Similar Summary Stats, Different effort…

While I still need to figure out how to use the new power field from Stryd, Running Power is already a useful other way to compare the type of effort of different activities. Since I got the new pod, I have been motivated to go out run more, and looking at the last few weeks, I realised that a few runs had interestingly some similar headline stats but very different feel. So I decided to see how ConnectStats displayed the differences.

In the summary, you can see the first two have very similar heart rate average, but very different pace, while the run in Shanghai has similar pace as the first one, but higher heart rate. The run in the new territories run (Hong Kong) is also interesting to compare to the Putney run (Richmond Park). Let’s dive in.

Comparing Activities in ConnectStats

You can easily compare two activities in ConnectStats by sliding the activities in the list and selecting mark. The activity will then shows in the background of the new one you look at.

A mark will be displayed to remind you which activity is the “compare” activity.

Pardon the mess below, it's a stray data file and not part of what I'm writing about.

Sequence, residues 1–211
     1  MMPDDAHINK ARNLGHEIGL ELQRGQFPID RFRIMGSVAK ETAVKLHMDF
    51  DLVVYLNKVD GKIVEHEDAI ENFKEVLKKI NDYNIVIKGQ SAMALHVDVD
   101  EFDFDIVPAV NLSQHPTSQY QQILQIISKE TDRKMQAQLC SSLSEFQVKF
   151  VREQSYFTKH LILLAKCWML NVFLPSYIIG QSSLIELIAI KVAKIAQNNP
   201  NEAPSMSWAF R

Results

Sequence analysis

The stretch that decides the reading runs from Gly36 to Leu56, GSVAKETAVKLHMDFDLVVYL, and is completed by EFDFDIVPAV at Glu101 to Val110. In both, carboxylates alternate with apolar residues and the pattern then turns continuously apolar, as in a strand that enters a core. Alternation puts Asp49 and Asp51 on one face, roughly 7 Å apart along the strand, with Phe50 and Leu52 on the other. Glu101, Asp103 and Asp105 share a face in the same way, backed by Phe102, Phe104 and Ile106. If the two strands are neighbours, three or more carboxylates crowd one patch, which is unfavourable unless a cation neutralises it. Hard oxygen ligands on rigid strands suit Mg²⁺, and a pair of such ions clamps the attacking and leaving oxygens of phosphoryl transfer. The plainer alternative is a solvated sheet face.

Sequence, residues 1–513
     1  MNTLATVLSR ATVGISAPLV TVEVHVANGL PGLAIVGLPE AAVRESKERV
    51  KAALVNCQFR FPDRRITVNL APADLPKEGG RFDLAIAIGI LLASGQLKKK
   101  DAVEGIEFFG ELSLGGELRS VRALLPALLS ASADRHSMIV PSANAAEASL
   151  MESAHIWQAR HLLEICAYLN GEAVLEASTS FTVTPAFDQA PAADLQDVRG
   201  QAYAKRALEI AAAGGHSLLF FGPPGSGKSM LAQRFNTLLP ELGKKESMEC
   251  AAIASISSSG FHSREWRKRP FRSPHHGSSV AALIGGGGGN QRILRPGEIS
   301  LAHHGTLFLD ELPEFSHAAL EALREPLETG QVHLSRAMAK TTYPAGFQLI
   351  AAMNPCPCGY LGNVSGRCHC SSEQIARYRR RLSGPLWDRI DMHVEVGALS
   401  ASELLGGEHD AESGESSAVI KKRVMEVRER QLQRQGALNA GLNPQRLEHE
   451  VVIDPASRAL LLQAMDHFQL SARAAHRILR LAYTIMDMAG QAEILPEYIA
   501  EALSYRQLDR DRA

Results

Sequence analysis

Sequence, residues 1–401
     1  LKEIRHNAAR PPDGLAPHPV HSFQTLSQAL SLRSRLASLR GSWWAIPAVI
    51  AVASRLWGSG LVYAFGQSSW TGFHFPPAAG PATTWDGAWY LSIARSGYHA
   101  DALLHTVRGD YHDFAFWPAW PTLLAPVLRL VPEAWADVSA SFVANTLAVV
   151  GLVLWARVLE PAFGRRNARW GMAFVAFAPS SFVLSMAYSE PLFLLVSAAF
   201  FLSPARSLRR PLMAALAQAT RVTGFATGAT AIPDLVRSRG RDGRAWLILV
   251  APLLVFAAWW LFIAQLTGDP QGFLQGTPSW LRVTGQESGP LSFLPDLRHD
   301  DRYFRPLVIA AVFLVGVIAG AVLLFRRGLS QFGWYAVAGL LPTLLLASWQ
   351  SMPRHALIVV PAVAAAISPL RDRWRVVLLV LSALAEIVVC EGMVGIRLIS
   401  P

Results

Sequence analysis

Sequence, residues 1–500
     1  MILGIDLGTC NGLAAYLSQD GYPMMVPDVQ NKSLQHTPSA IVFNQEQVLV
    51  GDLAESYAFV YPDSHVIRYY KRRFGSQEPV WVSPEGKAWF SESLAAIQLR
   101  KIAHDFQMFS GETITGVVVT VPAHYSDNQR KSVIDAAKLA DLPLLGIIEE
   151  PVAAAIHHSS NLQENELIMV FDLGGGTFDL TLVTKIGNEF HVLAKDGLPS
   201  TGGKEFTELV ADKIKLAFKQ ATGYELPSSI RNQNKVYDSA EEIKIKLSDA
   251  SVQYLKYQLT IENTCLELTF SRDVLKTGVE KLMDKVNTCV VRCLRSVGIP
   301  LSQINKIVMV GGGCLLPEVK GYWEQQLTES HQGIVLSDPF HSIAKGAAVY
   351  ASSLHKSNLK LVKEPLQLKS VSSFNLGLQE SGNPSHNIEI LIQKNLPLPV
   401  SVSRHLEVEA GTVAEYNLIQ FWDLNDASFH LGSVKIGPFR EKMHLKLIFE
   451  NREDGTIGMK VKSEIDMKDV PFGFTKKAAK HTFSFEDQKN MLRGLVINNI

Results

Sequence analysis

Same Heart Rate, Different Pace

The first two run to compare have an average of 176 and 175 HR respectively but a pace of 4:50 and 5:30. You can of course just look at the pace plot on top of each other, but it’s a bit messy

Note that the map will show you both activities, useful when they are on the same location, but less when they are quite different route, as here. The pace graph clearly shows that for large part of the run the pace was faster, but not very insightful. A much better way to compare the effort is to look at the best rolling plots.

You can see that it was definitely a higher power effort, but the pace shows that the slower run had more constant pace, flatter curve. The heart rate plot shows that the max effort (left part of the curve) was similar, but the tail was lower (steeper curve on the right for the faster curve). Overall a less consistent effort, but where I pushed more at time and resulted in the same average heart rate but very different pace. The power curve interestingly shows quite a higher effort. These were two different runs, the slower one was a commute run, with a backpack and on city streets with more stop and go at light. It was also early morning, so typically not when I do my best performances…

Same Pace, Different Heart Rate

We can also compare that same activity to another run a week ago with same pace (4:49 and 4:50) but higher heart rate (181 and 176 respectively).